After Jan 6th, Let’s Memorialize April 9
Ludovic Blain is the leading organizer of individual donors in California achieving progressive policy and electoral outcomes by investing in communities of color. As the Executive Director of the California Donor Table, California Donor Table Fund, and the Progressive Era Pac, Ludovic has helped raise more than $50 million since 2009, leading to congressional, state legislative, district attorney, mayoral and other local candidate wins, as well as progressive policies at the regional and state levels.
In California, 89 people across the state are known to have participated in the January 6 insurrection, including 16 who are currently representing our state in all levels of office. But our struggle for democracy did not start with the conservative election denial and violent insurrection of 2020.
The tug-of-war between the American ideal of freedom for all versus freedom for some, has been unyielding since 1865. On April 9th, General Robert E. Lee finally surrendered his confederate army at Appomattox Courthouse, believing the best course for his men was to return home and resume their lives as American citizens. What most people don’t realize is that following the formal military agreement, radical confederate factions continued to battle for months, killing thousands after the war in their refusal of defeat.
More than 150 years later, we can draw a direct connection between those unrelenting confederates, and ongoing exclusionary California policies and practices. In 2023 alone Shasta County Board of Supervisors may grant leadership to a secessionist-minded white supremacist, while school districts in the Inland Empire and Orange County are banning the teaching of accurate American history.
Modern day confederates aren’t the only ones prioritizing white supremacy over a multiracial democracy in California. Too many “moderate” Democratic elected leaders protect their charter school and oil company patrons and the wealthy, over the well-being of their working class constituents. That is why, in our majority people of color state, Black people still experience the highest health inequities, incarceration and policing rates, unemployment, and gaps in homeownership.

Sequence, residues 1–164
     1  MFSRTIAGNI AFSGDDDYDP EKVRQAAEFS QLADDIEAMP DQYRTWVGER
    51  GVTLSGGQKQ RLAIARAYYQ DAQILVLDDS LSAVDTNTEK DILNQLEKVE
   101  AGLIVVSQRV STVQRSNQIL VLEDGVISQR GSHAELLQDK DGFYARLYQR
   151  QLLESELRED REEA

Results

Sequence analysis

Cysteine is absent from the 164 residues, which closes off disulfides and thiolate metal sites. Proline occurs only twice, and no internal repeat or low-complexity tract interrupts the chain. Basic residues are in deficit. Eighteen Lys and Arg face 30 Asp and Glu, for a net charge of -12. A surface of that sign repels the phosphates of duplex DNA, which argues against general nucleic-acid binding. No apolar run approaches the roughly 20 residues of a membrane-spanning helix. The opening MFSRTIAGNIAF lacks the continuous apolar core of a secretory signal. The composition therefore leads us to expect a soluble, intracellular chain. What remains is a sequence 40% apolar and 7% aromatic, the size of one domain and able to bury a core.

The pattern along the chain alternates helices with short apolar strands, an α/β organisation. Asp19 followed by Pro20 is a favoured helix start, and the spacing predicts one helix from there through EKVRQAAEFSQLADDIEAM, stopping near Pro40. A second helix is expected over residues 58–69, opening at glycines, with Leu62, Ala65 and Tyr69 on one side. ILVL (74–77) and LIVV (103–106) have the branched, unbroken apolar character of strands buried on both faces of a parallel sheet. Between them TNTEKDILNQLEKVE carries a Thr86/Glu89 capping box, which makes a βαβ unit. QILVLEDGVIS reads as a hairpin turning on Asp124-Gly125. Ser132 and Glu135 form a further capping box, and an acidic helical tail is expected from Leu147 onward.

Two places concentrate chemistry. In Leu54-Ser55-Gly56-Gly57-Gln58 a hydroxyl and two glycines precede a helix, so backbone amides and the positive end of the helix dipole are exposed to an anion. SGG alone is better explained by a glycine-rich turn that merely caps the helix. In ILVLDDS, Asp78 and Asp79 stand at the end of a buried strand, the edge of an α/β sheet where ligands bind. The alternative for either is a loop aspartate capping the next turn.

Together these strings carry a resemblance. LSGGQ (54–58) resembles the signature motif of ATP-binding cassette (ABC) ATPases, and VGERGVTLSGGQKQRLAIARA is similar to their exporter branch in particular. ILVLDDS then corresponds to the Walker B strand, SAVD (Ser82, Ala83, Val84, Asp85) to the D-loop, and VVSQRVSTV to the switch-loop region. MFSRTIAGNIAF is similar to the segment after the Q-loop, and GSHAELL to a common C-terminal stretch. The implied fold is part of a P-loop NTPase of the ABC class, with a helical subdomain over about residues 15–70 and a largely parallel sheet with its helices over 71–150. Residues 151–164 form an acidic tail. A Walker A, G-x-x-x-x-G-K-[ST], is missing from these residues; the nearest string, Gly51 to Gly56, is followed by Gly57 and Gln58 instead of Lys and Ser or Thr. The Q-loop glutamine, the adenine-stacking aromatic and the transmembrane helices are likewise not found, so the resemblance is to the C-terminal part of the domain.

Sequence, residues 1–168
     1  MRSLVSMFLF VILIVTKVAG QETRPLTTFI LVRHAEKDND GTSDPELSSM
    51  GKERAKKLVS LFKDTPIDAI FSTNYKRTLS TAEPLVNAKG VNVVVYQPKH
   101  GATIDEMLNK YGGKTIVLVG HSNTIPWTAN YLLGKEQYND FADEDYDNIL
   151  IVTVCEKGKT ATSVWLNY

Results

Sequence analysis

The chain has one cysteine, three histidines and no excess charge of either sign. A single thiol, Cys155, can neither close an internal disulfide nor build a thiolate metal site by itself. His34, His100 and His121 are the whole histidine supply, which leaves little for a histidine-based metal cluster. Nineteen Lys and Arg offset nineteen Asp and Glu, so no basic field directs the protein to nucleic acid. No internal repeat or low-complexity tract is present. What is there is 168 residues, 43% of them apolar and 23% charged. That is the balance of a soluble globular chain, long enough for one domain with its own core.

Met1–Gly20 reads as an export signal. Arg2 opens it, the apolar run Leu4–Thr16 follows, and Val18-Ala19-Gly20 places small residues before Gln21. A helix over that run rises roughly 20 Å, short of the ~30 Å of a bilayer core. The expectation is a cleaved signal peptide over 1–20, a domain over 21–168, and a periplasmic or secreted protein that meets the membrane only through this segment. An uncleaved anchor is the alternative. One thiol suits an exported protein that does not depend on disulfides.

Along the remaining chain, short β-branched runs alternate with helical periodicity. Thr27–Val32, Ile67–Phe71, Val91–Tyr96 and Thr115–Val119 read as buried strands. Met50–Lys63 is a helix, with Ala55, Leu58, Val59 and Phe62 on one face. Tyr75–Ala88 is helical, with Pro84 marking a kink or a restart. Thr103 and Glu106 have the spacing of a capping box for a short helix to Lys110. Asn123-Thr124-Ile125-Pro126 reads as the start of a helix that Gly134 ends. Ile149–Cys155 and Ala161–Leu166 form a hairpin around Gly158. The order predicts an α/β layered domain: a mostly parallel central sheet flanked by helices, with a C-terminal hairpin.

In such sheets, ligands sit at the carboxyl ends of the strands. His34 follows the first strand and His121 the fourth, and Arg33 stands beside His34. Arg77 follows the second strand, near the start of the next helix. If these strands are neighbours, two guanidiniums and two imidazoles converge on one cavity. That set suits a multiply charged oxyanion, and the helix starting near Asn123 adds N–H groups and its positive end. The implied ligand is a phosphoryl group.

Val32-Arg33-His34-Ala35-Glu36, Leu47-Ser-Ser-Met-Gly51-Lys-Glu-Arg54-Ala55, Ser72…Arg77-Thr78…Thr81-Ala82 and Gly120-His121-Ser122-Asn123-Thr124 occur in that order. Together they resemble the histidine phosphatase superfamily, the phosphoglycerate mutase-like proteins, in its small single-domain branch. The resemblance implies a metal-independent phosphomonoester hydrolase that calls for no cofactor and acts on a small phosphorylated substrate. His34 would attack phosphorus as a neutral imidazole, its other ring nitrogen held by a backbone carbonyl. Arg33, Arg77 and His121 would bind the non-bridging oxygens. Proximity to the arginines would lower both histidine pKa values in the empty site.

Within California’s long fight for democracy, we also have a long legacy of freedom-fighting Californian leaders. Thanks to recent investments in power-building and civic engagement in underfunded regions of the state, community-centered leaders are winning more and more elections, gradually beating out corporate and GOP backed candidates, and making meaningful change for Californian’s. This includes history-making progressives from recent elections: State Assembly Majority Leader Eloise Gomez Reyes, Antioch City Councilmember Tamisha Torres-Walker, LA County Supervisor Holly Mitchell, and San Diego Supervisor Nora Varga and in 2022: Alameda District Attorney Pamela Price, State Senator Aisha Wahab and LA Mayor Karen Bass.
These are the leaders progressing California’s momentous campaigns for abolition, guaranteed income, and reparations, who are also increasing voter of color participation and overall voter turnout. From Edward Duplex to recent elections, we are leading the country’s third reconstruction.
So, how can the struggle for democracy in California keep winning out, and keep trailblazing progressive action for our nation? By shifting power away from corporate and right-wing backed politics, towards our most marginalized people and communities. By investing in regional powerbuilding, civic engagement, and community-centered policy, we can ensure communities of color are centered in government and continue to build power for the long term. We must continue to invest in leaders who share the values of these communities. And we must rebalance governing power in California at all levels of government to advance a people-centered democracy.
Earlier this year, when Los Angeles District Attorney George Gascon, proudly subverted his City Council’s racism by proclaiming he’s ”with the Blacks” I cried. For the first time in my 33 year career as a now-grizzled political operative, I cried because I felt the true solidarity of an elected leader who put Black people’s safety, dignity and livelihood at the center of his work.
Californians are already well acquainted with the axiom — as California goes, so goes the nation. By properly commemorating April 9, the day the confederate defense of slavery was defeated, we have an opportunity to finally close the book of American slavery and white supremacy, which has roared back from its smoldering embers of centuries past. By doing so, California will progress in making our great state a more healthy and just place to live where people of all backgrounds and lived experiences can thrive. By doing so, California can once again lead the nation towards true freedom and justice.